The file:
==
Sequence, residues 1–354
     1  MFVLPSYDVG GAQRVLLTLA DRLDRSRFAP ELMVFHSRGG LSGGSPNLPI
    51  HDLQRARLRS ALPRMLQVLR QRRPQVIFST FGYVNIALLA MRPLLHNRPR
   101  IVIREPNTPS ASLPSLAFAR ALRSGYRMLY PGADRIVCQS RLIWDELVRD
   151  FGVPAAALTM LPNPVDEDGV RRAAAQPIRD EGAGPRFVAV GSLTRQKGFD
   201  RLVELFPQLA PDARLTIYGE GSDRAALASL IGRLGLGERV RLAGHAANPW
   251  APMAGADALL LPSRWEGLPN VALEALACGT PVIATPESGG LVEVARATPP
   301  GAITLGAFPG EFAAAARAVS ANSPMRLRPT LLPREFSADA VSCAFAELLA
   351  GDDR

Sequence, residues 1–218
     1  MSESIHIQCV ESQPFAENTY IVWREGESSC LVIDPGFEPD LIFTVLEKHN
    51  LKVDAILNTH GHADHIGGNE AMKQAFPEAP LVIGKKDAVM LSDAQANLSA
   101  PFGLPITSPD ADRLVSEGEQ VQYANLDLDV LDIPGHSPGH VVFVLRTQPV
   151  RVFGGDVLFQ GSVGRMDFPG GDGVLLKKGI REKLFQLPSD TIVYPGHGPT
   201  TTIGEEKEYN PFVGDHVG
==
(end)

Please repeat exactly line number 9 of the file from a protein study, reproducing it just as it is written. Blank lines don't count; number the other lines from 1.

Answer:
   351  GDDR